Senator Dianne Feinstein, D-Calif., appears poised to win re-election to a fifth term this fall but suffered a blow on Sunday as members of the California Democratic Party declined to give her an endorsement.
Delegates to the party’s annual convention voted 54 percent to 37 percent in favor of endorsing Feinstein’s primary challenger, state Senator Kevin de León.
De León fell short of the 60 percent needed to secure the party’s official endorsement, but the vote could still give him a boost in the uphill battle against Feinstein.
In a prepared statement, de León called the outcome of the endorsement vote an astounding rejection of politics as usual.
“It boosts our campaign’s momentum as we all stand shoulder-to-shoulder against a complacent status quo,” de León said.
He added, “California Democrats are hungry for new leadership that will fight for California values from the front lines, not equivocate on the sidelines.”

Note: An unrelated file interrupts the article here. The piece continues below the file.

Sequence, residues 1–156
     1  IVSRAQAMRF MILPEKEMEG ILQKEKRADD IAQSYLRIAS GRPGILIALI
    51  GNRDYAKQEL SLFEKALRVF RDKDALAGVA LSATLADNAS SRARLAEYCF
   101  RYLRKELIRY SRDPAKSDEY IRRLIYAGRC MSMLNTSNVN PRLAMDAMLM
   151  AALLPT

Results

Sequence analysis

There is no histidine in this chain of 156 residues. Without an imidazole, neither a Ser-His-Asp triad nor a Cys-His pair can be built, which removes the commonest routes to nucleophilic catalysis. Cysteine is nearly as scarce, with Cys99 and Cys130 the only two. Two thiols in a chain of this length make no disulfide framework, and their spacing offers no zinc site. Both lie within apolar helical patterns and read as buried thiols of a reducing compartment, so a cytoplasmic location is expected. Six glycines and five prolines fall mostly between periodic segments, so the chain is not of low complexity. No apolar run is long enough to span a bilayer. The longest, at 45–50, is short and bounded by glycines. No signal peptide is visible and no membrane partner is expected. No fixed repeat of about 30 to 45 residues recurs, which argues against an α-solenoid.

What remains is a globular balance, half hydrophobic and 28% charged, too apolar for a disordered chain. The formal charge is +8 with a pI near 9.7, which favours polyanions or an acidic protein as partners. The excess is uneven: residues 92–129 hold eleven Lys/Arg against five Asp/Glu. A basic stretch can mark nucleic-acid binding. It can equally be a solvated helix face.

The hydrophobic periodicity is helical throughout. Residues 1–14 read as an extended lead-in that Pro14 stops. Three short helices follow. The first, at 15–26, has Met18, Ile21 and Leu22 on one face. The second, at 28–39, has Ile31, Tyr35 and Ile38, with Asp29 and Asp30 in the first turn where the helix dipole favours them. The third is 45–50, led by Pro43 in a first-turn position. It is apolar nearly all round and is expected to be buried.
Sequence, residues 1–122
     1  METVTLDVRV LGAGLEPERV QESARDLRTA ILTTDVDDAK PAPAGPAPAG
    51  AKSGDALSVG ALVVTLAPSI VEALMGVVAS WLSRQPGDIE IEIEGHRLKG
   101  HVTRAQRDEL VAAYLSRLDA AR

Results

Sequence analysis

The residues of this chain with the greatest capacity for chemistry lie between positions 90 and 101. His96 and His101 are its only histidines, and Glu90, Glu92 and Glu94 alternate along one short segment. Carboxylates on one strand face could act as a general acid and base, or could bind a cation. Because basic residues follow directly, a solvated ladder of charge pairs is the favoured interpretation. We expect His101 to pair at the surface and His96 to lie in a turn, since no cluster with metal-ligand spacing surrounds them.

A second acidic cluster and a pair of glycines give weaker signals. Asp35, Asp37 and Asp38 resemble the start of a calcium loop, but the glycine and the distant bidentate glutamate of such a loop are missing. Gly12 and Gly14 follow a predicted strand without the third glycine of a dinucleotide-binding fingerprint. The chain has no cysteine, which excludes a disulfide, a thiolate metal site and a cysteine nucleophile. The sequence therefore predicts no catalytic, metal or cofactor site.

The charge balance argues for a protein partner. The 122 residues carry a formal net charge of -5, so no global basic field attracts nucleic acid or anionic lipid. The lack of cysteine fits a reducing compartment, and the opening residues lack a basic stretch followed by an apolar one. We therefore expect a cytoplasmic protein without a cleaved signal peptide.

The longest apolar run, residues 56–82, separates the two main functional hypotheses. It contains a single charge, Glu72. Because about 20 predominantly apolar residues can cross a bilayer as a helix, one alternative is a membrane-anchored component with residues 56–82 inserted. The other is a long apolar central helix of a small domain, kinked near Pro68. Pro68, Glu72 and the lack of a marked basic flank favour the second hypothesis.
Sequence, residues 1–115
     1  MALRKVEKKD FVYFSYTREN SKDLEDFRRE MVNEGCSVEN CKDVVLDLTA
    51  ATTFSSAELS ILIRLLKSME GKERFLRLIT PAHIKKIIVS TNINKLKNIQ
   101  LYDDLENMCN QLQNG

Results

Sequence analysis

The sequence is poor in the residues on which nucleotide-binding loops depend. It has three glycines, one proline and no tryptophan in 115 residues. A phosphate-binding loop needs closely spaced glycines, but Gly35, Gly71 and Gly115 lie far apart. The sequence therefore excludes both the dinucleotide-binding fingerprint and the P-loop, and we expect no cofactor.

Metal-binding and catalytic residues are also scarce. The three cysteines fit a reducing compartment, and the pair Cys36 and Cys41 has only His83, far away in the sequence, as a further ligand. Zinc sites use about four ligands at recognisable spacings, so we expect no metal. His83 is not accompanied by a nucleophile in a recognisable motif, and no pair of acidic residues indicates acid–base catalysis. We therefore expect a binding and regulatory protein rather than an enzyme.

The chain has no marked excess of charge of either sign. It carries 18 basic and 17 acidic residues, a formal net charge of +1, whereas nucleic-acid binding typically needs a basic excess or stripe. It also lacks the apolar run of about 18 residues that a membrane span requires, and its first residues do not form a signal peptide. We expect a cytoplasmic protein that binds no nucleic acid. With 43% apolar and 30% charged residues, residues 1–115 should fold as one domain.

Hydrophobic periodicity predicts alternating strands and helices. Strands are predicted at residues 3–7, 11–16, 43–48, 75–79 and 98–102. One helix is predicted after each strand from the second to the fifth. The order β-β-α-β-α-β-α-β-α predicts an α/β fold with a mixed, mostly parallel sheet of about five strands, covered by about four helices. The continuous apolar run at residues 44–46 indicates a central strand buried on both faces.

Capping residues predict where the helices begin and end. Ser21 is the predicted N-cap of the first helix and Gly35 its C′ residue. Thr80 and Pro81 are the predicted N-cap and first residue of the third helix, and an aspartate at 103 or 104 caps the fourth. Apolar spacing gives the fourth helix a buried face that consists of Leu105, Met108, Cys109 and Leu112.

A report from the Politico said the vote was not unexpected, noting Feinstein has long maintained an uneasy relationship with activists who dominate state party conventions.
Despite the non-endorsement, Feinstein is likely to remain the frontrunner in the race, as she holds a significant financial advantage over de León.
A poll conducted by the Public Policy Institute of California last month showed Feinstein with a 46 percent to 17 percent lead over de León, although 33 percent of likely voters were undecided.